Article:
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Historical Records of New Zealand Vol. II.

November 19th

November 19th.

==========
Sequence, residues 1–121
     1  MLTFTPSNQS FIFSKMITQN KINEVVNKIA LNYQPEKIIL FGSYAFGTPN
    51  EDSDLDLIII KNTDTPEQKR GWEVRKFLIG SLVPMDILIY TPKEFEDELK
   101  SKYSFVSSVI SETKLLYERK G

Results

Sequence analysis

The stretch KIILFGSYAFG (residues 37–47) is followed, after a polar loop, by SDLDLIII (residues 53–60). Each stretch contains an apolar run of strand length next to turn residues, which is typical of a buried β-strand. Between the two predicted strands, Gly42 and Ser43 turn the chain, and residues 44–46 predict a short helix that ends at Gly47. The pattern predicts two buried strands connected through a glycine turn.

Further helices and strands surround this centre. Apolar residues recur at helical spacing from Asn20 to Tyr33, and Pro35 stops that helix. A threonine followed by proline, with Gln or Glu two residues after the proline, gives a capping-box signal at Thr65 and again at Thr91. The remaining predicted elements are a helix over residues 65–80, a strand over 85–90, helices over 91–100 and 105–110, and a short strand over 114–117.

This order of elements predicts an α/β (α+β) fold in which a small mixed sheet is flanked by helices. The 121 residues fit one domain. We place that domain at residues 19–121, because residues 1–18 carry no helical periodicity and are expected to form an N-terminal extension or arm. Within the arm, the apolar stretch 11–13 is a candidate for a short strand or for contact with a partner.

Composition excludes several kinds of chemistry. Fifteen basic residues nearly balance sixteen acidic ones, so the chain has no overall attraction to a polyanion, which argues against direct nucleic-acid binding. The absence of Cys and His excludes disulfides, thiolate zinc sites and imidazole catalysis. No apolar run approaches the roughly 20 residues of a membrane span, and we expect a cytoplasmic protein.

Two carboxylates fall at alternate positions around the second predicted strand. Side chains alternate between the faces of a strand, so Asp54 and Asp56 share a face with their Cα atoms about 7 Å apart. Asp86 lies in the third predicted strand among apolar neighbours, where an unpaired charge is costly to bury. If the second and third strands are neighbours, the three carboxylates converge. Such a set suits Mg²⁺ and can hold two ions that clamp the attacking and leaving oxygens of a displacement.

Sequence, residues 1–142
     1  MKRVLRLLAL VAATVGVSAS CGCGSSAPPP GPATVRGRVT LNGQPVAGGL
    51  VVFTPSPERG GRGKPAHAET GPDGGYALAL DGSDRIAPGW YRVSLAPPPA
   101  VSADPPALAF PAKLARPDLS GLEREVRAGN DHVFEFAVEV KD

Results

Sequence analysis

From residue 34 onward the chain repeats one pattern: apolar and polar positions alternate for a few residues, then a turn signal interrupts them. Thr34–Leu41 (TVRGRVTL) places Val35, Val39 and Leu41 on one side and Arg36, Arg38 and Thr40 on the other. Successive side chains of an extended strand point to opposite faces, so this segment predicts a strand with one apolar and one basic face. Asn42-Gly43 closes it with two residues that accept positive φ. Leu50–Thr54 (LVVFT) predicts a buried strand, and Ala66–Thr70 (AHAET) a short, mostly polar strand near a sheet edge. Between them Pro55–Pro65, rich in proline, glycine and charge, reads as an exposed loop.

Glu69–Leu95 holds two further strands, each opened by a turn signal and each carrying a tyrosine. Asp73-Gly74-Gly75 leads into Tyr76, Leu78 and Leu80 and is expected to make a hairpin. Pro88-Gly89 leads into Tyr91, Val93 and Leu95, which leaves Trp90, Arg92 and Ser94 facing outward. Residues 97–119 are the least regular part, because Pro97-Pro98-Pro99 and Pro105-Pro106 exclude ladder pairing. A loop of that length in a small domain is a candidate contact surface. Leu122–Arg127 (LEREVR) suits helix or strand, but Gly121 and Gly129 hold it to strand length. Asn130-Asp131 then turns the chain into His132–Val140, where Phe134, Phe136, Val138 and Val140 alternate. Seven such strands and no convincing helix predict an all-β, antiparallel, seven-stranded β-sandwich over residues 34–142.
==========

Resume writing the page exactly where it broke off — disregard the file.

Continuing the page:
A.M. Saw Land. 8 Saw the Cutter to the Southward observed her make all sail steering wide of the point of Land I wished to visit made all sail after her but the Wind falling light from the Northwd She drew away from us. At noon our Lat. Obsern, was 43° 40′ South Long. 176.48. East the extremes of Land from W.B.S. to S.E.B.S. Observed the Cutter shorten Sail and heave too with her head to the Eastward fired a Gun and ran down to her with the Ensign at the Mast Head for her to close, when she was little more than Hull down from the deck. The Weather very clear, I imagined of course she must see us and indeed that she had done so all days altho' she did not answer my signal; which I can't account for, I now haul'd in for the Land, to send the Boats on shore thinking the Cutter would follow, but as she still took no notice I kept on intending to pick her up after the Boats should have return'd. At 5 p.m. the Boats returned bringing with them three Natives who seem'd page 558 willing to remain with us, but having seen no seal and as I did not wish to encumber the vessel with these People who for some time to come could do nothing but consume the provisions I sent them on shore again they were quite naked with the exception of a course Mat over the shoulders which seem'd to be used as a roof to them to turn the water off, as the moment they came on deck they squatted down like so many monkeys and the Mat being stiff, of course stuck out something like the shell of a turtle, Added to this a strap of the same material passed under the crutch compleatly concealed what might otherwise have appear'd indelicate. After the Boat had landed them I steer'd E.N.E. to join the Cutter, the weather having become very thick I had for some time lost sight of her. After steering E.N.E. for some time I haul'd to the Wind, and as she always weather'd on the Tula in laying to, I hoped to see her in the Morning. If Mr. Avery did not see the Tula he kept a very bad look out, and if he did, he having been absent for some days, ought to have joined company immediately, at all events he ought not to have passed the point of Land as he did without examining it, this being the only fine day we had had for some time, I cannot account for it. At 6 p.m. the nearest point of Land bore W .½ N. 7 miles, the Wind gradually veer'd round to the Westward and at Midnight blew a strong Gale with thick weather which continued all the 20th & 21st so that we could only stand off & on under the trysails. On the 22nd the Weather was more moderate, stood to the S.W. and at 6 A.M. of the 23rd made the same rocks we had seen before. As the weather was nearly calm at 1 p.m. sent a Boat to them and at 5 she return'd bringing 7 seal skins of excellent fur, but the rocks being nearly perpendicular it was almost impossible to land on any part of them, and as they had only seen a few seal, it was thought these were only stragglers from some Rookery near at hand: I now determined to make Chatham Island and keep along the East Shore, so as to gain the Rocks to the southward, which by their appearance on the Chart were much larger than those we had overhauled, lay to all night to send both Boats again in the Morning but the Wind coming up from the Northward they could not land and